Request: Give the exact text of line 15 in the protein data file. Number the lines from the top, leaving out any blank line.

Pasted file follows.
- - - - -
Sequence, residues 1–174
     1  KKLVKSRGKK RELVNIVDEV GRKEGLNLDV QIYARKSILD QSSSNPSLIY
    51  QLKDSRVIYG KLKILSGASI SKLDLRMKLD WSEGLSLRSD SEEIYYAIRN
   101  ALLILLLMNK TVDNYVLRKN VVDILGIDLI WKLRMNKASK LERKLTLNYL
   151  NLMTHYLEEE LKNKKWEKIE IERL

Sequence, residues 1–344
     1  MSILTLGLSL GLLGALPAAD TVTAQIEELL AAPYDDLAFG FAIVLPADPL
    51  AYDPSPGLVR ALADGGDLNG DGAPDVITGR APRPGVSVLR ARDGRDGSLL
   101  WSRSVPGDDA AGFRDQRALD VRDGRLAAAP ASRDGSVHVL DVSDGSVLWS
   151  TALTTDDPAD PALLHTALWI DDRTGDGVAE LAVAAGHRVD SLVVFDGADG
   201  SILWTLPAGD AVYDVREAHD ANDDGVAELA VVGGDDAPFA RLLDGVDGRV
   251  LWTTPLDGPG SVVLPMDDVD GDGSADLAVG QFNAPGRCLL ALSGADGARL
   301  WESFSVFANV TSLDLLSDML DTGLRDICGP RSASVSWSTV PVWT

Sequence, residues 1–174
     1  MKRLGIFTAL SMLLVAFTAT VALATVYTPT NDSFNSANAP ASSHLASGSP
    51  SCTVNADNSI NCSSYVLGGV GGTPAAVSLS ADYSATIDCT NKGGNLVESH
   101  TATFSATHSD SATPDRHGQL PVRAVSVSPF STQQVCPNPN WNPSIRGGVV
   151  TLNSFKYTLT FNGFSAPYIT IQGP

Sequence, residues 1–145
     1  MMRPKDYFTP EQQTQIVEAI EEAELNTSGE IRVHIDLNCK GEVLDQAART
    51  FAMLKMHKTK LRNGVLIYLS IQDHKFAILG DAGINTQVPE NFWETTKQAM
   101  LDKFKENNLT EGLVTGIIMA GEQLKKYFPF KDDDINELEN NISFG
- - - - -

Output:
     1  MKRLGIFTAL SMLLVAFTAT VALATVYTPT NDSFNSANAP ASSHLASGSP